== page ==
According to many onsite professionals, a winter of cold temperatures and little snow cover can cause freezing of onsite systems. Even in a normal Minnesota winter, freezing can occasionally be a problem. Identifying and correcting a potential freezing problem is far easier than dealing with a frozen system. Here are a few common causes of onsite system freeze-ups.
Reasons an onsite system might freeze
Lack of snow cover
Snow serves as an insulating blanket over the septic tank(s) and soil treatment area (trenches, drainfield or mound). Snow helps keep the heat of the sewage and the geothermal heat from deep soil layers. Lack of snow allows frost to go deeper into the ground, potentially freezing the system.
Compacted snow will not insulate as well as non-compacted snow. Driving any type of equipment over the system compacts snow and sends the frost down deeper. Automobiles, snowmobiles, ATV's, foot-traffic, and livestock should stay off the system all year long but especially in the winter. Any time traffic over a sewer pipe, septic tank, or soil treatment area is anticipated, insulated pipe should be used.
Areas that have compacted soils such as driveways, paths or livestock enclosures tend to freeze deeper, affecting septic system components that may be in the area.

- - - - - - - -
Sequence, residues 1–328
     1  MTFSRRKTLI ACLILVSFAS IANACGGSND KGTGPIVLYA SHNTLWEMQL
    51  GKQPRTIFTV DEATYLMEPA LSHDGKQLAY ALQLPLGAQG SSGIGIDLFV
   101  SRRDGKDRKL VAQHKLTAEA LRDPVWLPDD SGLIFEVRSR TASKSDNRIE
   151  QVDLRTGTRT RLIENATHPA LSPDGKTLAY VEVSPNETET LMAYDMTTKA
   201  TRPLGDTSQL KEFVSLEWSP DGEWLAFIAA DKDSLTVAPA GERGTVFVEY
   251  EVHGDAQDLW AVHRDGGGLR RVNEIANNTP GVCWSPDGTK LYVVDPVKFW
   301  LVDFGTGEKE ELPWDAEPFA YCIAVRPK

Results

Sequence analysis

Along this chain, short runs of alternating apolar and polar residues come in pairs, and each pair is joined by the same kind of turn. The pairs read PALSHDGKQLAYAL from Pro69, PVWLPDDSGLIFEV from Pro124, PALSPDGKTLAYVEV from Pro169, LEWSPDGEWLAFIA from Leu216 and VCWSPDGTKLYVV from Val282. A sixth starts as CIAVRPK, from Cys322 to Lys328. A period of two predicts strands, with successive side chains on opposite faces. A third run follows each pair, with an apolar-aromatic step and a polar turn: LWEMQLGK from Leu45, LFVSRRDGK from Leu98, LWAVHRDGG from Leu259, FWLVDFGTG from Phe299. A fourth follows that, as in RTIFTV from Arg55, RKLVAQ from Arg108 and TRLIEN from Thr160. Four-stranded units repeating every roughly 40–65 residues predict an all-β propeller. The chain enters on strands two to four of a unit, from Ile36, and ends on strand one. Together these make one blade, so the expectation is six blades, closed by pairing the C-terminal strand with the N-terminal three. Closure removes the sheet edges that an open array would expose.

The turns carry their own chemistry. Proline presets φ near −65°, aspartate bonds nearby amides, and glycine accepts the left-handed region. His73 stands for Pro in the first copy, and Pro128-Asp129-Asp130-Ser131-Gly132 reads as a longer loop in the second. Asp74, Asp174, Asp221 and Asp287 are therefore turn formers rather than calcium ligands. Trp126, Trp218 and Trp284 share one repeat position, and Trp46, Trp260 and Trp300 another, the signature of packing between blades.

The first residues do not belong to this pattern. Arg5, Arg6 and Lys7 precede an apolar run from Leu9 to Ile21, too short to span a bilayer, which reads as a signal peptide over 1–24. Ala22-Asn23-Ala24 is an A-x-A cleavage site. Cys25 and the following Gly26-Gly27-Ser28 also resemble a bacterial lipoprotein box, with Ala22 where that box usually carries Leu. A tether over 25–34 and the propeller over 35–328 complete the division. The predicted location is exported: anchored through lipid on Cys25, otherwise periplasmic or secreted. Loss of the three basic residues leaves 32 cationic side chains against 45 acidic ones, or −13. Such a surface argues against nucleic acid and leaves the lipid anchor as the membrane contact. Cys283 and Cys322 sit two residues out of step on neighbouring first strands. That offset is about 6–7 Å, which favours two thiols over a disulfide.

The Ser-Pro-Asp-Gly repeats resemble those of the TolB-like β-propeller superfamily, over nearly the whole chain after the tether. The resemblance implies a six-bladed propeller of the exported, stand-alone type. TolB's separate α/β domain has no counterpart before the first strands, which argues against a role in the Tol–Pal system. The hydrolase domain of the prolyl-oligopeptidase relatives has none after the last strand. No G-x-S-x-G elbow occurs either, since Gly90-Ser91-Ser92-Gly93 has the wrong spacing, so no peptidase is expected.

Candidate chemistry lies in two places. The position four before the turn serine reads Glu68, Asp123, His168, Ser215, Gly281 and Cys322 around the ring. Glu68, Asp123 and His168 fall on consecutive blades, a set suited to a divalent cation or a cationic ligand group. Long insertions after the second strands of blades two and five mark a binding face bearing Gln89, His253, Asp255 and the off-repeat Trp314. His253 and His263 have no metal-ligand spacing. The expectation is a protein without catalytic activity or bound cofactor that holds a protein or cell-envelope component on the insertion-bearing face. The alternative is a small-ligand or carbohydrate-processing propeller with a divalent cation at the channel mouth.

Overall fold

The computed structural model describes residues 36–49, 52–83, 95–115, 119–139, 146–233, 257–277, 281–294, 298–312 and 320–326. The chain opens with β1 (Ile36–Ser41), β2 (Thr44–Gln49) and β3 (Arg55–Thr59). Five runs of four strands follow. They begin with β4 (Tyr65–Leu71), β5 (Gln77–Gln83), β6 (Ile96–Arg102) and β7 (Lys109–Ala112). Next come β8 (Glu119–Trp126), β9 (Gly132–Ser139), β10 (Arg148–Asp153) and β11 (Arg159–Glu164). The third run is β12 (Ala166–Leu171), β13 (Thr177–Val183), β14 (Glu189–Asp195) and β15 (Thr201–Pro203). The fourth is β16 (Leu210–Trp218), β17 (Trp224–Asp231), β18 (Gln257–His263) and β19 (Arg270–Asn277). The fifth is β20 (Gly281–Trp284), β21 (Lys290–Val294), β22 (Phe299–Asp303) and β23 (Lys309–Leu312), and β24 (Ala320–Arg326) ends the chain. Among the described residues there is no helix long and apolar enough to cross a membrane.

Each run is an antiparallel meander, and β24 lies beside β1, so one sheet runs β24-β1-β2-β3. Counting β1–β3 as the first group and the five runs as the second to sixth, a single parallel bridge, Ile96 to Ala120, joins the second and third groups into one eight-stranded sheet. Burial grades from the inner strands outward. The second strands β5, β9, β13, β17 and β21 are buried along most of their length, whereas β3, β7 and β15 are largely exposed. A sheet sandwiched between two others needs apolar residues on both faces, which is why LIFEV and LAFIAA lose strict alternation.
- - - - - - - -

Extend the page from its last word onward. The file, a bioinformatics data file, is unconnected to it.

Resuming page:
Lack of plant cover
This often occurs in new systems installed late in the year where a vegetative cover could not be established before winter. The vegetative cover insulates the system and helps hold snow.
Irregular use of system
When homes or cabins are unoccupied for long weekends or extended periods of time, no sewage is entering the system to maintain sufficient temperatures to avoid freezing. This can also occur when very low volumes of sewage are being generated. In cases when only one or two people are living in a home, they may use only a small percentage of the designed flow for the system. This low usage may not be sufficient to keep the system from freezing. Frequent use, warmer water temperatures and greater water use are all important in cold temperature stress situations.
Leaking plumbing fixtures and furnace drips
When a fixture such as a toilet or showerhead leaks, it sends a small trickle of water to the system. The slow moving and thin film of water form caused by trickle flow can freeze within the pipe and eventually cause the pipe to freeze solid. Appliances such as high efficiency furnaces and humidifiers can also cause water to freeze in the pipes due to the small amount they discharge.
Pipes not draining properly
A common cause of freeze-ups are sewer pipes and pump lines that are not installed with proper fall (change of elevation), or pipes that settle or sag after installation. Any time a dip or low spot occurs in a pipe, sewage can collect and freeze. Pump lines can develop a dip right next to or above the septic tank as a result of backfilled soil settling from the excavation during the tank installation. All sewage needs to drains out of the pipe from a pump line.
Cold air entering the system
Open, broken and uncapped riser or inspection pipes and manhole covers allow cold air into the system and can cause the system to freeze.
Water logged system
If a system was hydraulically failing (e.g. water coming to surface or seeping out the side of a mound) it is a prime candidate to freeze. This effluent will freeze and prevent further effluent from entering the soil.